MIT prides itself on educating the best and brightest scientists and engineers — in short, the world’s best problem solvers. Why is it then that the MIT administration’s default modus operandi is to lock students out of the chance to help solve the problems the Institute faces today?
The cutting of eight varsity sports is the latest in a line of top-down decisions that have left students as the group most affected but least empowered to help. In deciding to cut entire sports and in deciding which sports to cut, MIT’s athletics department told students to trust that administrators had made the best possible decision — without giving students a real chance to look for better solutions.
We appreciate the effort administrators made to keep the community informed through town hall meetings, but there is a difference between having a chance to provide input and having a chance to provide meaningful input. In explaining the decision to cut entire sports, administrators shared only vague rationales while refusing to disclose the numbers behind their decision. When it came to choosing which sports to cut, it was only after the sports had been chosen that administrators shared the detailed criteria of an ancient “Health and Vitality” report giving broad qualitative categories with which to evaluate sports. And they still have not detailed how those criteria were scored or weighted.
MIT students have tremendous intellect and problem-solving abilities; it’s what we’re trained to do. And as the most affected parties, students have a strong incentive to help solve the budget problems facing the athletics department and the Institute as a whole. But in order for MIT to take advantage of our creativity and problem solving skills, it must approach its problems in a more straightforward and transparent manner. Without hard numbers and data to look at, the students can offer nothing but blind shots in the dark.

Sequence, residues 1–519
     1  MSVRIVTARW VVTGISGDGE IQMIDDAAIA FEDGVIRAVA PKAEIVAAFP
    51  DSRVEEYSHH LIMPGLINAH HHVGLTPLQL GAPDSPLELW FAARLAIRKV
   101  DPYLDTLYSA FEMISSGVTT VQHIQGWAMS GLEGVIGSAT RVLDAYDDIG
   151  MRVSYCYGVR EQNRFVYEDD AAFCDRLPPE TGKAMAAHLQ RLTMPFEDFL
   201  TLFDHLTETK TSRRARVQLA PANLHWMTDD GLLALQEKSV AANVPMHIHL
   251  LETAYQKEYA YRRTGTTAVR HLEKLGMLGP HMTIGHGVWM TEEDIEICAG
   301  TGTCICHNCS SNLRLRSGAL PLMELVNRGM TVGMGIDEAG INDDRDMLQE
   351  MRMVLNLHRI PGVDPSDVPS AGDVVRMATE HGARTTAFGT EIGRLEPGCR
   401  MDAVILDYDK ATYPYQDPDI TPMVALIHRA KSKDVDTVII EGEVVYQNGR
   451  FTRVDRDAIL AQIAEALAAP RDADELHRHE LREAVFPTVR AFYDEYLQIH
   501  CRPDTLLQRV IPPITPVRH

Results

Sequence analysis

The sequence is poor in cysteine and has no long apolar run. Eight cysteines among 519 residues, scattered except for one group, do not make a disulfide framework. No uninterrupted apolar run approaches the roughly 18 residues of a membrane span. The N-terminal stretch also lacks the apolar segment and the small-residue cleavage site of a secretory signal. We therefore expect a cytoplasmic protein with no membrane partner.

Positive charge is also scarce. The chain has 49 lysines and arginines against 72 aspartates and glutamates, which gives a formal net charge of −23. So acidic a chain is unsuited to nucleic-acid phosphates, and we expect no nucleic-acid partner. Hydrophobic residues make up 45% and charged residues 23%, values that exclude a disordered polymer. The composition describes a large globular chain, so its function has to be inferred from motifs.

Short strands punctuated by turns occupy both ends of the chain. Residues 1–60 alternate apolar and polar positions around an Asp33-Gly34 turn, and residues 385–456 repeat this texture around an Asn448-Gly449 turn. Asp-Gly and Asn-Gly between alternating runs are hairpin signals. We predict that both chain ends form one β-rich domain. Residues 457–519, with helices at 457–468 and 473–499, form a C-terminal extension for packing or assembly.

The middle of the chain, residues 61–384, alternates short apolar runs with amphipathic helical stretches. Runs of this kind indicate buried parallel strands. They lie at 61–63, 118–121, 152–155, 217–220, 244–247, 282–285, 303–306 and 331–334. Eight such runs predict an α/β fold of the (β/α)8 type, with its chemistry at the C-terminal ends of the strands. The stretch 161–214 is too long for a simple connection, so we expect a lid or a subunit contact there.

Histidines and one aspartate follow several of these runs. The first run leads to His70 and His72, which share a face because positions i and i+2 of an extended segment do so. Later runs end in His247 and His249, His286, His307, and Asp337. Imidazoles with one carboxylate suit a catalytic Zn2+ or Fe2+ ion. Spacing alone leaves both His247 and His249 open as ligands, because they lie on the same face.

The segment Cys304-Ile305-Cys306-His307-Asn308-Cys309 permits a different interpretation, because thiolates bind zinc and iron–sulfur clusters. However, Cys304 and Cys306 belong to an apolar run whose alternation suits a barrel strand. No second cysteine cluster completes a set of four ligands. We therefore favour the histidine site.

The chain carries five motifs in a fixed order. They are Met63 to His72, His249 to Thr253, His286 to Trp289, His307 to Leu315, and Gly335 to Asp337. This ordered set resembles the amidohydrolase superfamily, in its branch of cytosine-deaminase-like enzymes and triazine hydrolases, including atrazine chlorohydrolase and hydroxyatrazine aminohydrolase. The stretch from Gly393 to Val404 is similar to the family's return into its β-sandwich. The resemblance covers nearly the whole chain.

Even if, as administrators claim, the data truly points to only the solution they chose, releasing that data can only build student support for the varsity team cuts. We’re rational people, but we’re also scientists, trained to always look for evidence to back up hypotheses. This is why students have protested: we want to see the reasoning behind decisions that could alter our daily lives.
By obscuring the data, MIT leaves open an ominous possibility: perhaps the data does not really match MIT’s conclusions, and personal or systemic bias had some effect. Athletics administrators hurt their credibility by refusing to release the reasons and the data behind their decisions.
In the next three years, all areas of the Institute will be seeing even bigger cost cuts. If administrators follow the model of the varsity sports cuts, the MIT community will continue to roil in turmoil. But the effects of these cuts on community morale can be blunted by giving students, faculty, and the wider community a chance to do free consulting work and possibly come up with innovative, better solutions.
When student issues come up, give us access to the same data, constraints and ranking factors that administrators or so-called “experts” have, and allow the us to put forth proposals. We have come to the Institute because we want to solve problems — MIT should give us the opportunity to solve those have the most impact on our daily lives.